Home > Lutheran Hymns > Beautiful Reformation-Era Lutheran Paraphrase of Psalm 23

Beautiful Reformation-Era Lutheran Paraphrase of Psalm 23

June 10th, 2010
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1. What shall we want if Christ our Head,
Our Shepherd, ever leads us?
In pastures of His heav’nly bread
He satisfies and feeds us.
Our soul’s refreshment doth He bring,
Revives us with His flowing spring,
His precious Holy Spirit.

2. On even paths for His great name
He safely doth escort us,
Forsaking not His sheep to shame,
When need or anguish hurt us;
Therefore we ever bold shall be,
Though faced with death’s dark agony;
For Christ the Lord is with us.

3. Thy blessed staff by which Thou dost
Lead, comfort, and correct us—
It is Thy cross, that from our lust
And harm doth e’er protect us.
It drains the poison of our sin
And all the evils wrought within
which else would rage and flourish.

4. Thy table Thou dost rich prepare,
And e’er to sight divest it—
Thy Holy Word’s delicious fare—
We with our heart digest it.
Whene’er the foe our soul assails
This stronghold never breaks or fails,
Bound with Thy Spirit’s fullness.

5. Thy goodness and Thy mercy, Lord,
Shall follow us forever
And all our days on us be poured,
That we through Thee, our Savior,
May dwell by living faith on earth
And there above in heav’nly mirth,
As Thy dear church and children.

6. This all through Christ our Lord we pray,—
Our Shepherd and our Brother:
By grace through faith our souls convey
To God the heav’nly Father,
With God the Holy Spirit One;
So may Thy gracious will be done!
Amen, we sing together.

Translation © Matthew Carver, 2010.

Mr. Carver notes: Here is my translation of the early paraphrase of Psalm 23, “Was kann uns kommen an für Noth” (A. Knöpken, 1534), originally written in Low German: “Wat kan uns kamen an vor not.” It took a while to find the original German, as quite a few later paraphrases of the psalm have had significantly more popularity. Ludecus (1589) appoints it as a hymn for Trinity III. The proper melody is well known as an organ piece, but I could not find any notation for a congregational melody line.


1. Was kann uns kommen an für Noth,
so uns der Herre weidet,
und speiset uns mit Himmel-Brod,
und auf die Weide leitet:
Darzu erquicket unsre Seel,
und kühlet mit dem Wasser-Quell
seins werthen Heilgen Geistes.

2. Und wegen seines Namens groß
Er führt auf rechter Strassen,
und thut in keiner Zeit trostlos
in Angst und Noth uns lassen;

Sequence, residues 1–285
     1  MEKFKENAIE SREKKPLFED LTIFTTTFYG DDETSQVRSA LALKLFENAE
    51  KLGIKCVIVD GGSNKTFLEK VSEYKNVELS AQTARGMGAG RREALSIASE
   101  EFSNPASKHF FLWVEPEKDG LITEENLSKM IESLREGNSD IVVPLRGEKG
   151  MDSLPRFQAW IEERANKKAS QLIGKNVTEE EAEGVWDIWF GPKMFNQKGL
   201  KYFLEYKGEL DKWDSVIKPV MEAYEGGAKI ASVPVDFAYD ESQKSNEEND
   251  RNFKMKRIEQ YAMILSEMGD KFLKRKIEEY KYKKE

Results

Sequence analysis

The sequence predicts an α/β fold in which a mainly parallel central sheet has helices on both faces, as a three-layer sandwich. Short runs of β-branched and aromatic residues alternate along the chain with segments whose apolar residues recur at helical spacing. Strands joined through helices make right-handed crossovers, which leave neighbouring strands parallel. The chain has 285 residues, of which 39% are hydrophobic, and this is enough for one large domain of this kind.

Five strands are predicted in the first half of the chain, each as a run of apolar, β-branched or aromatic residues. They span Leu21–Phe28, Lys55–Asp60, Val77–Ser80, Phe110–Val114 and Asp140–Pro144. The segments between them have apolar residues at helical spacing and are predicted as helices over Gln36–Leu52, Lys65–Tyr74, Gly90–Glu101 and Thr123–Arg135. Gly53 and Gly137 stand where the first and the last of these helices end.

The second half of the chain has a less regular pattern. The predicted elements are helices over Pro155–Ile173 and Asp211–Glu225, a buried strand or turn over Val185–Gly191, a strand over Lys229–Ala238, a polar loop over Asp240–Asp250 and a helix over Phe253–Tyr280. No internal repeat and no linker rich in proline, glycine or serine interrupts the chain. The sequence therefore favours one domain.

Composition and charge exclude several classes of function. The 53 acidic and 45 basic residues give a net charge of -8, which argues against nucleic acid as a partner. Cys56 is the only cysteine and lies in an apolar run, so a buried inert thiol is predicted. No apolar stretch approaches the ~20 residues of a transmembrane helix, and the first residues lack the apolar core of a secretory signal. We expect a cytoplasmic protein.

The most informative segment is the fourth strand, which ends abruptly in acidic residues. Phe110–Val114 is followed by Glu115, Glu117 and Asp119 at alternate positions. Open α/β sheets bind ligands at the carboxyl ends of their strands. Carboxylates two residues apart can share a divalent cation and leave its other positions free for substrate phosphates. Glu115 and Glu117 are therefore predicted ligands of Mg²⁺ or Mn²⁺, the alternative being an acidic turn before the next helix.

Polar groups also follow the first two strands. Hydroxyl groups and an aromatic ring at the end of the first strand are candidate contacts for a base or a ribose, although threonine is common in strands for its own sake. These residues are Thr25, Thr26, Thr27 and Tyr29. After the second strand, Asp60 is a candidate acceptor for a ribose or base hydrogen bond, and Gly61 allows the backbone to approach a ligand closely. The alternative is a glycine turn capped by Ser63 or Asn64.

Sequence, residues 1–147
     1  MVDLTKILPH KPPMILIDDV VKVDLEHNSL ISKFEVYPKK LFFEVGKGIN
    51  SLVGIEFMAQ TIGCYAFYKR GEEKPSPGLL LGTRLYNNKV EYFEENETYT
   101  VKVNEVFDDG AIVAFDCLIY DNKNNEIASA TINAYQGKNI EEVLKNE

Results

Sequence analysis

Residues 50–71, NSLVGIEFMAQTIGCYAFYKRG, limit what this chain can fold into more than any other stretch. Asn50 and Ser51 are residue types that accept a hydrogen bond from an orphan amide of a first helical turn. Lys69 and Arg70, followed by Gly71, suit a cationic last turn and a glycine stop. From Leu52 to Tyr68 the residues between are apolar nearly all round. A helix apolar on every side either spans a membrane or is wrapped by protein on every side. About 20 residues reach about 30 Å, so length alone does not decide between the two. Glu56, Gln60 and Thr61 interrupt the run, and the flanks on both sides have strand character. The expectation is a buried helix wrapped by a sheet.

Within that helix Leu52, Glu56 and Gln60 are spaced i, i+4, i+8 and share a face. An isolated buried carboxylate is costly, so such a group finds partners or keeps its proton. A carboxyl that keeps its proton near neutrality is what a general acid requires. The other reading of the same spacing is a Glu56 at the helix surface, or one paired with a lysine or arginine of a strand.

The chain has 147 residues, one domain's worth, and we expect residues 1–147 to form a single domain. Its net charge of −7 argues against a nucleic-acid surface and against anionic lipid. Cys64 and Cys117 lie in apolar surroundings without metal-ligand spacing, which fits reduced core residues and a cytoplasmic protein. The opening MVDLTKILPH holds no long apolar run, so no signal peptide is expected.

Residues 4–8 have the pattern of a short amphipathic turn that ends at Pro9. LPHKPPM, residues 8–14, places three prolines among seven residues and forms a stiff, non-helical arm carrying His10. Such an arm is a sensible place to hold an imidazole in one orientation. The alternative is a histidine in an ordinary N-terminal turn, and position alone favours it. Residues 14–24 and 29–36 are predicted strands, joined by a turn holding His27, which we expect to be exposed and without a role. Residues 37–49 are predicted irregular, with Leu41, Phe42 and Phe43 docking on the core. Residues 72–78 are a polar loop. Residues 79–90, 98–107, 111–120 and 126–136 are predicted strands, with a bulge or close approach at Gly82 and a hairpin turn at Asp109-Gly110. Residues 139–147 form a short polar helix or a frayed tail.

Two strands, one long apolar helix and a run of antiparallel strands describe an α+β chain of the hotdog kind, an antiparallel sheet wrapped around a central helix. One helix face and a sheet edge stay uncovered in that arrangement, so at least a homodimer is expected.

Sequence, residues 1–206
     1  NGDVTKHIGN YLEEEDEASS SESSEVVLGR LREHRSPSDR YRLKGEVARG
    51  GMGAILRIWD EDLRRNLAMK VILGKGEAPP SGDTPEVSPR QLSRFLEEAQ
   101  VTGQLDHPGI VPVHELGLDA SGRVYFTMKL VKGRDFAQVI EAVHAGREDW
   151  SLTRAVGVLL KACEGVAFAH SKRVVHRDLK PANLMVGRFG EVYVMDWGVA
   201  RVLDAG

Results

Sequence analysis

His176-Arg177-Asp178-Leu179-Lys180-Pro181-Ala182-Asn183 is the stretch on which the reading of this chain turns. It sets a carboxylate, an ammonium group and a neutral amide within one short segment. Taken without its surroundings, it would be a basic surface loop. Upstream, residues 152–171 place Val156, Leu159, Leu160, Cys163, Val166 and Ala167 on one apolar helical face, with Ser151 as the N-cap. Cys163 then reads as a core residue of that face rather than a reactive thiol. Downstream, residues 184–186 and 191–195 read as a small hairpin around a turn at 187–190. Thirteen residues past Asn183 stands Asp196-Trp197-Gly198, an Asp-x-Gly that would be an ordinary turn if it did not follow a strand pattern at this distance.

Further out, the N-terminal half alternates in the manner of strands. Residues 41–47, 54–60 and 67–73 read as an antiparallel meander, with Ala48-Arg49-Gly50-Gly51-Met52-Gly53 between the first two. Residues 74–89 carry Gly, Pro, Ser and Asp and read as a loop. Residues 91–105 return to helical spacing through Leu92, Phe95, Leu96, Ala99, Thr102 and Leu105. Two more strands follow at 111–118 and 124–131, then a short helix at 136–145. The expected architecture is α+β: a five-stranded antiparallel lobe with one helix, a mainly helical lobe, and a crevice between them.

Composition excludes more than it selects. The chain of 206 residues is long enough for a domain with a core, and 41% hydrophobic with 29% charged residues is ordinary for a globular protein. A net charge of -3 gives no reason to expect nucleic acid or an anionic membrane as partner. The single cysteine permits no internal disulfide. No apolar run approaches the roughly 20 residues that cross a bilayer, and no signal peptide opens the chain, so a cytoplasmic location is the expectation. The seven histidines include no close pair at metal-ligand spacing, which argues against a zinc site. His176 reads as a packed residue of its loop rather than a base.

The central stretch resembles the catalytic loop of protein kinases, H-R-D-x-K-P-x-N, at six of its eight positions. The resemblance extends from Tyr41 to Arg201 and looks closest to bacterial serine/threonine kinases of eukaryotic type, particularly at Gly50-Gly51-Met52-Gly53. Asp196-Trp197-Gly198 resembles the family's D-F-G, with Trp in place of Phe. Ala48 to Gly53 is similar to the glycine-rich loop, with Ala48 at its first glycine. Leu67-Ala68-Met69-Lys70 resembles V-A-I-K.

darum wir stetig muthig sein
auch in des Todes Schattn und Pein;
denn uns der Herr beistehet.

3. Dein Stab, mit dem du leiten thust,
uns tröstet und auch strafet,
das Kreuz dämpfet des Fleisches Lust,
daß es nicht Schaden schaffet
dem Geiste durch der Sünden Gift,
die alles Böse (leider!) stift,
und thut sich stetes regen.

4. Du einen Tisch bereitet hast,
den stetes wir anschauen,
deins heilgen Wortes werthe Kost,
die wir im Herzen kauen;
wenn uns des Feindes List anfällt,
dieselb denn unser Seel erhält,
samt deines Geistes Fülle.

5. Dein Güte und Barmherzigkeit
uns, Herre, folgen werden,
von nun an bis in Ewigkeit,
daß wir allhier auf Erden
durch seligmachend Glauben seyn,
dort offenbahr im Saale dein,
Bürger und Hausgenossen.

6. Das helf uns der Herr Jesus Christ,
der unsre Hertzen bauet,
durch Glauben, der rechtthätig ist,
und Gott den Vater schauet;
durch Ihme, samt dem Heilgen Geist
aufdaß werd dieser Wunsch geleist,
so sprecht einmüthig, Amen!

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Categories: Lutheran Hymns
  1. George
    June 10th, 2010 at 09:32 | #1

    Great Hymn. For some reason, “Christ Jesus Lay in Death’s Strong Bands” (tune of course) came to mind when reading it. You’d have to add an Alleluia (or Lord, Have Mercy or something else) to the end of each verse.

    Anyway, thank you for sharing this.


  2. June 10th, 2010 at 10:29 | #2

    Outstanding work! I hope Mr. Carver’s translations may find the light of day in usage among Lutheran congregations. This hymn would be a welcome addition to Divine Service for Good Shepherd Sunday.

    As for known tunes, I believe ES IST GEWISSLICH (LSB 508, 693) would fit. Though it would be good to hear the actual tune from the 16th Century.

  3. June 10th, 2010 at 11:30 | #3

    I personally like “Herr wie du willst” with this hymn.

  4. Pastor Steven Schlund
    June 17th, 2010 at 13:08 | #4

    Are we free to use this hymn in public worship (with proper copyright credit given)?

Comments are closed.